4
\$\begingroup\$

I am using a PCIe x16 conn. It has 2 types of PRSNT# pins. My question is :-

  1. What is the purpose of PRSNT#1 pin.
  2. We have four PRSNT#2 pins in x16. (PRSNT#2_1/2/3/4). The purpose of these pins is hot plug detect or to tell the host about width of the card plugged(as I can plug any card x1/x2/x4/x8/x16 in x16 conn). How do I connect all the PRSNT#2 pins.
\$\endgroup\$
  • \$\begingroup\$ PRSNT stands for 'presents'. So the PCI bus system can (hot) detect inserted cards. The other pins are for lane count detection. \$\endgroup\$ – Paebbels Nov 18 '15 at 13:31
4
\$\begingroup\$

PRSNT#1 is hot plug detect and should be connected to the farthest PRSNT#2 pin, so only one PRSNT#2 pin is connected to PRSNT#1. These are connected on your card.

Note that this may not be the farthest location on your physical connector as it gives the host a clue as to the width of the card as PCIe cards are required to operate at their design width (the number of lanes it supports) or the x1 width.

Even though a card may be a x16 card, it is only required to support x16 and x1 configurations. It is not required to support any other link width (a gotcha that has caught many unwary designers).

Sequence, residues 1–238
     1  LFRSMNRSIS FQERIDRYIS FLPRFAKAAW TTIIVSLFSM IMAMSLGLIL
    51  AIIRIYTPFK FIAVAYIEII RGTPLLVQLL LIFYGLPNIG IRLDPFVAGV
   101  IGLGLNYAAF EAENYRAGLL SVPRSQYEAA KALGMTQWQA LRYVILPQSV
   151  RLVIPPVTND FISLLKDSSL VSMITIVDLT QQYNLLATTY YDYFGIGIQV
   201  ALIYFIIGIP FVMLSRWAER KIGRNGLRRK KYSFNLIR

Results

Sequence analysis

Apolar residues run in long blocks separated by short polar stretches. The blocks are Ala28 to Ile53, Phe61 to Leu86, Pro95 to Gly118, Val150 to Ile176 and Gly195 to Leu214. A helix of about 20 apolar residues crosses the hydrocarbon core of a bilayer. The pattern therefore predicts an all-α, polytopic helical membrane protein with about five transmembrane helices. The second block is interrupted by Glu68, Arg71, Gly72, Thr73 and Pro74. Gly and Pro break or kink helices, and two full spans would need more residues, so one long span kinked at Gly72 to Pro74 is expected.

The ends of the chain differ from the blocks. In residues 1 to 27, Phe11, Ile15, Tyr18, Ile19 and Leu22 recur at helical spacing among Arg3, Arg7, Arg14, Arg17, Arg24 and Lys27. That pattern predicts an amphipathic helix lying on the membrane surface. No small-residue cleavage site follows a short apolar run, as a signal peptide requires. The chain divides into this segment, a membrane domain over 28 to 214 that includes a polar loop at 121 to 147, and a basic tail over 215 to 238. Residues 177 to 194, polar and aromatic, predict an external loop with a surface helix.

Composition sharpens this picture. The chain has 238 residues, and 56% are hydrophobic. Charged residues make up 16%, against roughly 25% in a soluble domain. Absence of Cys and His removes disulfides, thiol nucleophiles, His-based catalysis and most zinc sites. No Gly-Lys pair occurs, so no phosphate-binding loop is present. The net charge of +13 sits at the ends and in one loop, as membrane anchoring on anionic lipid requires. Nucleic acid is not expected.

A x1 card should connect PRSNT#1 to PRSNT_2(1) on pin 17 (for a standard PCIe slot), x4 to PRSNT#2(2) on pin 31, x8 to PRSNT#2(3) on pin 48 and x16 to PRSNT#2(4) on pin 81.

See this page for details.

\$\endgroup\$
  • \$\begingroup\$ Though your customers are likely to hate you if you design cards that only work at x16 and X1. \$\endgroup\$ – Peter Green Nov 18 '15 at 14:18
  • \$\begingroup\$ @Peter Green: very true, but I actually had a board where it did precisely that, with lane width adjustable by strapping resistors that had to be soldered. Annoying to say the least! \$\endgroup\$ – Peter Smith Nov 18 '15 at 17:50
  • \$\begingroup\$ @ Peter Smith: "Note that this may not be the farthest location on your physical connector as it gives the host a clue as to the width of the card" - How will it happen. The present signal from my connector will go to some GPIO of my host. How my host is going to get the clue of the card width? \$\endgroup\$ – Oshi Nov 19 '15 at 4:01
  • \$\begingroup\$ @Oshi It will go to different GPIOs based on which pin you hook up to PRSNT#1. As such the host can sense which one you connected. \$\endgroup\$ – Thomas Jan 14 '17 at 23:15

Your Answer

By clicking “Post Your Answer”, you agree to our terms of service, privacy policy and cookie policy

Not the answer you're looking for? Browse other questions tagged or ask your own question.